Tuesday, June 23, 2009

Sing like Handwriting

The Summer Solstice, Father's Day, rich blue sky with warm winds. We gathered: students from every decade, well back into the 60's, admirers from nearby and abroad, friends from every context and almost every continent, musicians of every stripe and creed, family, families, fellow teachers, all of us honored, blessed, downright lucky to have studied with or known such a magnificent musician, such a compassionate teacher.

We spoke of the power of his music, the way one note could break your heart, the way one note, pulled two steps this way, one step that and every shruti (micro-tone) in between, could be melody, the way he could make the hair rise on the back of your neck, the top of your head expand, spin, take off. We spoke of Khansahib's generosity with his music, his willingness to teach anyone, to water our world with the likes of Rag Chandranandan, Desh Malhar, Bhimpalashri. In the heat of a Marin afternoon, thuds and dribbles of red earth, pebbles, roses echoed from the butterscoth-blonde hills as we each marked our last tangible connection with this giant of a musician, this short Bengali with the knowing smirk, the generous smile and the all-encompassing desire for us to learn to "sing like handwriting--not typewriters", our Baba, our Swara Samrat, Emperor of Melody.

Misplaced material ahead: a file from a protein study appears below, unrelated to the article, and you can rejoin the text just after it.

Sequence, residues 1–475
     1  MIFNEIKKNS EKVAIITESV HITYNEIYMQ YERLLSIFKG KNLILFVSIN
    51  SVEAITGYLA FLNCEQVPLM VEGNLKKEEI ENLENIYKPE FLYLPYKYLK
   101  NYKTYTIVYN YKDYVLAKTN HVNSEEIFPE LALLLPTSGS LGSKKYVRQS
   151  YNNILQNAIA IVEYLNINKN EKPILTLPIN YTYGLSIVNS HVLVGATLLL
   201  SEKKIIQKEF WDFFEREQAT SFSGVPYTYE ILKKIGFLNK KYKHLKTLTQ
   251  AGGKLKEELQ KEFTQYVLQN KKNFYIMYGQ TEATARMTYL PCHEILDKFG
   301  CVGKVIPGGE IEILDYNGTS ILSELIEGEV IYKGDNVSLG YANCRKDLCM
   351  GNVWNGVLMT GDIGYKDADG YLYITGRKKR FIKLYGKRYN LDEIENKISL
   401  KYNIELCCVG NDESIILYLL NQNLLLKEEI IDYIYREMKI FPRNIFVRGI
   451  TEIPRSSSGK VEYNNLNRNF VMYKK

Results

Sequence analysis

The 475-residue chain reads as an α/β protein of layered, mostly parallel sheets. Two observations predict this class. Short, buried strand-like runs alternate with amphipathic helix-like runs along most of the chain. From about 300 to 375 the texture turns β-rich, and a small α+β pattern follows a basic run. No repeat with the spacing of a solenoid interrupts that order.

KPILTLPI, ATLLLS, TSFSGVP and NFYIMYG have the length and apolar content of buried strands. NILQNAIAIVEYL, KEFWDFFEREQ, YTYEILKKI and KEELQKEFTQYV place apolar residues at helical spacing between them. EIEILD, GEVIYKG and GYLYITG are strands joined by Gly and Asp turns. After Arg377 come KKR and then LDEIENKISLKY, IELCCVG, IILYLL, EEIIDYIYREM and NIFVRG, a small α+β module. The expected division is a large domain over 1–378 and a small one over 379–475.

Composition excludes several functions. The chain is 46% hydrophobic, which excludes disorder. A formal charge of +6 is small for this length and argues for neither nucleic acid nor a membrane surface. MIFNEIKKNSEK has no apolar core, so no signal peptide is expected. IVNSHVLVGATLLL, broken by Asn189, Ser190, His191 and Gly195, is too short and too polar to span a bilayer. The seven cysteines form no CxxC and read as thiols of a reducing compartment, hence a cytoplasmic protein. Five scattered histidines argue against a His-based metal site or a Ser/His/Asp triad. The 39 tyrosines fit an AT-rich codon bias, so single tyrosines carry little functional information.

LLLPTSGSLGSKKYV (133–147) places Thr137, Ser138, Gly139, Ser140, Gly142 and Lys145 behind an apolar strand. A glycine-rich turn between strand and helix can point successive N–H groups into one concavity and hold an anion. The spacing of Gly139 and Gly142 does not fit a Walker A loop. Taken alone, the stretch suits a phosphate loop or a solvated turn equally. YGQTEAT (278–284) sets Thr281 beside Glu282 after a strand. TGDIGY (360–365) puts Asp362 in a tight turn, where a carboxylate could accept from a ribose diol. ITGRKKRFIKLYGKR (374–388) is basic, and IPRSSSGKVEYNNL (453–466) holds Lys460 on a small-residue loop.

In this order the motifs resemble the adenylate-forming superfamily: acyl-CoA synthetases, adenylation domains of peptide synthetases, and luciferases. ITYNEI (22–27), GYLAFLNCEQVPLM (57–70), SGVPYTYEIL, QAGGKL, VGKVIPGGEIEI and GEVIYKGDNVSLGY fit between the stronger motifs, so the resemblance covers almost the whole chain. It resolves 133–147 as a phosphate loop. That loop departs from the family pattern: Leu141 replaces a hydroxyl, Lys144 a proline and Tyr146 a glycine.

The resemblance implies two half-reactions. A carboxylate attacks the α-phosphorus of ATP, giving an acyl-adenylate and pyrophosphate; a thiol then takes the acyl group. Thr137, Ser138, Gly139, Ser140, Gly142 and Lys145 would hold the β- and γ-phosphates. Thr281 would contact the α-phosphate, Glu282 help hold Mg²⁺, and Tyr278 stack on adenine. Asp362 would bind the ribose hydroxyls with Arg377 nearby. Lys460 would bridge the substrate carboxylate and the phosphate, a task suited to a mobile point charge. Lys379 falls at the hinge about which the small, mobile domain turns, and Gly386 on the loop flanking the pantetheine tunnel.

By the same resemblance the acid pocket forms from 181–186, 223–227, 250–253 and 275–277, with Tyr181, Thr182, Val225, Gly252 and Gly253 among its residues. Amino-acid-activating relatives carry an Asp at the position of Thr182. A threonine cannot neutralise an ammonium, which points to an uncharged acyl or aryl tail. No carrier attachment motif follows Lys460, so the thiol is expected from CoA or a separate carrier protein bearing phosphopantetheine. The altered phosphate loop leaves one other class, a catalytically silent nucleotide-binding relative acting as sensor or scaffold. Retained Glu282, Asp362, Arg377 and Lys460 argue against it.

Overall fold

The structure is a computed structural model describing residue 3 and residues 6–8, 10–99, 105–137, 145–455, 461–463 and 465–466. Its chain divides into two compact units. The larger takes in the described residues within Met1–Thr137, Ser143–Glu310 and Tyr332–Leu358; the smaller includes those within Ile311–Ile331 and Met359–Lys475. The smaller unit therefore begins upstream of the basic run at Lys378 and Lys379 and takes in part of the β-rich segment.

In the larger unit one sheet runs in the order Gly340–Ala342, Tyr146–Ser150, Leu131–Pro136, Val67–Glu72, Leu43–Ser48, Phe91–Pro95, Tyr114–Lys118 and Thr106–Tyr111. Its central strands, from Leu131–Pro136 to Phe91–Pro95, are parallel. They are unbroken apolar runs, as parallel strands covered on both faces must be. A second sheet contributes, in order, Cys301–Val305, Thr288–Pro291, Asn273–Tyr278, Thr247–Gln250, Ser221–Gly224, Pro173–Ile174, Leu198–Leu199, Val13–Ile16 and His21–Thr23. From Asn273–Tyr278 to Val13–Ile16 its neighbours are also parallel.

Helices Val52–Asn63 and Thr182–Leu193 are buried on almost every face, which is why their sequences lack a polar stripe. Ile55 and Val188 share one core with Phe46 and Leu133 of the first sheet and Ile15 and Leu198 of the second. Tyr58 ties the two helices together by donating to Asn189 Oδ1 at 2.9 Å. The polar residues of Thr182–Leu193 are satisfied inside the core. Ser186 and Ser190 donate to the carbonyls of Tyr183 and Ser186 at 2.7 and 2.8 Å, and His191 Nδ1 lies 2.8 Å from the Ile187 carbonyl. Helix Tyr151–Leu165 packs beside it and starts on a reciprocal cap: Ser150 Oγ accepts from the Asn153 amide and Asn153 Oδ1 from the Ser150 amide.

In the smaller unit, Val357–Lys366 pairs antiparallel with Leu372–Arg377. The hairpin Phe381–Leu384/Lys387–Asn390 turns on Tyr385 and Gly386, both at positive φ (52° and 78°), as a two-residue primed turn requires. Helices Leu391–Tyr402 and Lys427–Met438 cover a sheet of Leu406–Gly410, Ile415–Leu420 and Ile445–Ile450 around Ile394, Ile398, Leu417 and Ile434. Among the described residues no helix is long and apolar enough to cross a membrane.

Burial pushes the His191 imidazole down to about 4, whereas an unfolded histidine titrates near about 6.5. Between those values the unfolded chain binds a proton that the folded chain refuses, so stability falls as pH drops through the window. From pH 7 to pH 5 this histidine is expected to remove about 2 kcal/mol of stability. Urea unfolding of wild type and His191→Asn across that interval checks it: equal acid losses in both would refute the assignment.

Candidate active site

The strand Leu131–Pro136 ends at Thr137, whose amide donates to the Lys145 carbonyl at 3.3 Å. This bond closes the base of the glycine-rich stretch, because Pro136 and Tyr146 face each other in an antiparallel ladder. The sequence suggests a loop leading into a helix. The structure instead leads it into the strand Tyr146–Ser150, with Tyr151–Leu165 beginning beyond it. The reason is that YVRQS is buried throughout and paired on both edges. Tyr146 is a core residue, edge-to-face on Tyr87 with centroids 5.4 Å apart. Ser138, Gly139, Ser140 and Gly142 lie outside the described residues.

The Ali Akbar College of Music that he founded in San Rafael, California, is in the midst of preserving and archiving thousands of hours of his music and teachings. In lieu of flowers, or if you just want to help, the family asks for donations to continue the cause.

Preservation Project

And if you are unfamiliar with his music, this is a pretty decent YouTube video:
Khansahib: Shree

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Noise makers!